Cost Of Living In New Orleans: Entertainment Costs

New Orleans boasts of some of the best musical acts and live entertainment in the world. But aside from jazz, blues, and hip-hop, there are many other cultural and fun activities to experience. There is something for everybody, from swamp tours to bar hopping to some of the country’s top museums.

Ticket Prices For Popular New Orleans Attractions/Events

New Orleans Jazz & Heritage Festival$70 (general admission)
French Quarter FestivalFree
Voodoo Music + Arts Experience$80 (general admission)
National WWII Museum$28.50 (adult)
Audubon Zoo$24.95 (adult)
Audubon Aquarium of the Americas$29.95 (adult)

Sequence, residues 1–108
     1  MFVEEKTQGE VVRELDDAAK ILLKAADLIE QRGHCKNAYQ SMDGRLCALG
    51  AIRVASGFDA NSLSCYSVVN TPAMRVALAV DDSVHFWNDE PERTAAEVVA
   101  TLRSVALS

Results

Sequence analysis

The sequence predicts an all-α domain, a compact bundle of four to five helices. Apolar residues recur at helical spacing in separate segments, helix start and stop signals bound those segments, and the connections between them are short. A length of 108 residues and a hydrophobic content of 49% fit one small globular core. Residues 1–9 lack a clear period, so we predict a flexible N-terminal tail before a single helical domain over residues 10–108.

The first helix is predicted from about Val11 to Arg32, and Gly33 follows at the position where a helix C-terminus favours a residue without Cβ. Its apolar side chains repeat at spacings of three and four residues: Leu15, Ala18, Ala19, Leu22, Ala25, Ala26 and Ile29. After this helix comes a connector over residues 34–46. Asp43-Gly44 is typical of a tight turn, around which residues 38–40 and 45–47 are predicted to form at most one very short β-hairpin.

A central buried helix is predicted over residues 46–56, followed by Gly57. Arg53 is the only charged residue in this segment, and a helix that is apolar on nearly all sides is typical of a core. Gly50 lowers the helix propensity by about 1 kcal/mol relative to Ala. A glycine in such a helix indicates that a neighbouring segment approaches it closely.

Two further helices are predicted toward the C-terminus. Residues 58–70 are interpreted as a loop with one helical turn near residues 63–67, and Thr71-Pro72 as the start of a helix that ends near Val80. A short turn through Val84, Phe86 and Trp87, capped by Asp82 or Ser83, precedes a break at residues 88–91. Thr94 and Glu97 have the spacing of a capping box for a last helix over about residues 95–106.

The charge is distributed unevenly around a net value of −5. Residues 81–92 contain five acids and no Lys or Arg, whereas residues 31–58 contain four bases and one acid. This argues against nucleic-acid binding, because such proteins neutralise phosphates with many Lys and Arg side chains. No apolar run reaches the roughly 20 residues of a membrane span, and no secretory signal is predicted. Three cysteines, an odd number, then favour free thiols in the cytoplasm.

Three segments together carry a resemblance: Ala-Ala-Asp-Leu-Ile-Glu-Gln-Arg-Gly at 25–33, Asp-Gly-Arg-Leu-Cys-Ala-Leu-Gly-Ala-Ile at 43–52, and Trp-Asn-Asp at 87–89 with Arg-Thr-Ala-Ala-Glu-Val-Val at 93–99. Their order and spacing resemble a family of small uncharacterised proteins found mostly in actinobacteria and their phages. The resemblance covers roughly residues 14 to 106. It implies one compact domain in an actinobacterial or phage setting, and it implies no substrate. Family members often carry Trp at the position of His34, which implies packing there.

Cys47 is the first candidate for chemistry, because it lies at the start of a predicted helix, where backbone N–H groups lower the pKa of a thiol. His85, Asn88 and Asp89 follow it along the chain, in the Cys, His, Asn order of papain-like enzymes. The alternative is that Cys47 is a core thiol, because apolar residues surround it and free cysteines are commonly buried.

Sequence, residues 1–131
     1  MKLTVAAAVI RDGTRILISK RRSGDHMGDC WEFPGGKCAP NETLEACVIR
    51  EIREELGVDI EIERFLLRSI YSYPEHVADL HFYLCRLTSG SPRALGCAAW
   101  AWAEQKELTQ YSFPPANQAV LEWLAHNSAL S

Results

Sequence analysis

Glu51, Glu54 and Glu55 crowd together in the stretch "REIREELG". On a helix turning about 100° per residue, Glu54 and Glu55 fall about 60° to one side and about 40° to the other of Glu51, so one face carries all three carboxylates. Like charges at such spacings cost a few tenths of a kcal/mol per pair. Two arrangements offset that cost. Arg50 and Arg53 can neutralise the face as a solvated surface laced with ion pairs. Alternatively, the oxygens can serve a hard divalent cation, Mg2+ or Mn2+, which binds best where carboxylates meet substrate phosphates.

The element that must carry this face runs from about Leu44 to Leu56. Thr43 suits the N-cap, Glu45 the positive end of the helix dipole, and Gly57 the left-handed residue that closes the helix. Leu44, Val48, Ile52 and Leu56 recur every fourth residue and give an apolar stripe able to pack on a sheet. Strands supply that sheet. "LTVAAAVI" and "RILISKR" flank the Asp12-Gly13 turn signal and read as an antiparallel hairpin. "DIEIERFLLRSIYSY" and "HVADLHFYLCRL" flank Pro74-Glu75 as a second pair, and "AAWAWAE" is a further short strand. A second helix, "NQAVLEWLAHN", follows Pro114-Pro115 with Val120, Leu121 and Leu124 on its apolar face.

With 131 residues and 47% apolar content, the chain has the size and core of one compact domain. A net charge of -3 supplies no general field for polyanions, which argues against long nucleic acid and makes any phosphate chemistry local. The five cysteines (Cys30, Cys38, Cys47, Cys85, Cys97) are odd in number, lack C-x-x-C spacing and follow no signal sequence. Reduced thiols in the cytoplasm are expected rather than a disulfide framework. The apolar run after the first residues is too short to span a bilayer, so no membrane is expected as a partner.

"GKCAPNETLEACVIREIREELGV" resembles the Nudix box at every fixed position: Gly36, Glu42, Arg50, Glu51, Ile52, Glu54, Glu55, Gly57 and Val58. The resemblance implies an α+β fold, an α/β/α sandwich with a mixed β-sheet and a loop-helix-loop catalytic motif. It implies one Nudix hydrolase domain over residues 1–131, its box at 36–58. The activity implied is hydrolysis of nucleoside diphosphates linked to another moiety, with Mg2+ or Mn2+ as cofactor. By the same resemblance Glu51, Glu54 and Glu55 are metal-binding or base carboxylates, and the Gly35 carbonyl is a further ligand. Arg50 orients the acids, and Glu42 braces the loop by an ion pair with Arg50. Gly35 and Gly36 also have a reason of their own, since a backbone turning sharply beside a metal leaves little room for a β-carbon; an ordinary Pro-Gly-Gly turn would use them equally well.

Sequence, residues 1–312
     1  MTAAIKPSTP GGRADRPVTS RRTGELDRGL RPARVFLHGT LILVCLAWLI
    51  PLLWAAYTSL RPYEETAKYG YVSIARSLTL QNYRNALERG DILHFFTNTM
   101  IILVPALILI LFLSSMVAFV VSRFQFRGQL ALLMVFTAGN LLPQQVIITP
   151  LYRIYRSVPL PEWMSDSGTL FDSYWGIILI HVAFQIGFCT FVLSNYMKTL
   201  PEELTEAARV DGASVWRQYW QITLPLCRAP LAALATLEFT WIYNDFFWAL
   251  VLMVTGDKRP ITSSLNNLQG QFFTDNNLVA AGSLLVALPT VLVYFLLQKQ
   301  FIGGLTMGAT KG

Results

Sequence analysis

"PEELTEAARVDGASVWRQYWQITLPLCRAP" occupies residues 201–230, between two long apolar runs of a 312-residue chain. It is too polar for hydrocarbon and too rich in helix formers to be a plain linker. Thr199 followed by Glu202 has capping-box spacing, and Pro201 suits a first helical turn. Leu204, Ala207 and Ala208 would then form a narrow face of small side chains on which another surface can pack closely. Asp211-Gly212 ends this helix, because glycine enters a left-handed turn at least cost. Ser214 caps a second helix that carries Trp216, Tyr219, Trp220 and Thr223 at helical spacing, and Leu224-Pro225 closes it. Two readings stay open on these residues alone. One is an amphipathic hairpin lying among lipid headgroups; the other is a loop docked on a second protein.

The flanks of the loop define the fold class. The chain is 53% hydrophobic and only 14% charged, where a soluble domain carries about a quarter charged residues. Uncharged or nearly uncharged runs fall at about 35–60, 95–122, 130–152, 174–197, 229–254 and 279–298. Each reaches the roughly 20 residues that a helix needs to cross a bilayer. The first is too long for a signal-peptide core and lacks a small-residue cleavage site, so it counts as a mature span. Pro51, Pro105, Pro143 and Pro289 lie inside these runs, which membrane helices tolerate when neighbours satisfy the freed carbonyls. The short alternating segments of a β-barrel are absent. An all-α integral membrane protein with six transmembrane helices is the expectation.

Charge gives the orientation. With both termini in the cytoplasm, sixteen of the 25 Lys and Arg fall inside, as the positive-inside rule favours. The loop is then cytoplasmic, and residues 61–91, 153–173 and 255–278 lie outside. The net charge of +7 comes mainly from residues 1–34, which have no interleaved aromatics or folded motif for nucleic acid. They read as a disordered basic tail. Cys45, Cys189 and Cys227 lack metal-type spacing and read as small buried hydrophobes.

Honey Island Swamp Tour$30.50 (adult)
City Park Sculpture GardensFree
New Orleans Museum of Art$15.00 (adult)
Louisiana Children’s Museum$14.00 (adult/child over 12 months)

Related Questions

Is owning a car worth it in New Orleans?

Driving a car in New Orleans has its own set of pros and cons. Traffic congestion downtown can get a bit gnarly, and road conditions are not necessarily the best. Unfortunately for bikers, New Orleans is not a bike-friendly town, and there is still a shortage of safe bike lanes.Despite these disadvantages, having a car is the most convenient way to get around in the city. It is still the safer option, and there are many parking options everywhere. Car insurance rates are steep, but fuel costs are below average at $3.08/gallon compared to the national average of $3.28.

Is New Orleans a safe city?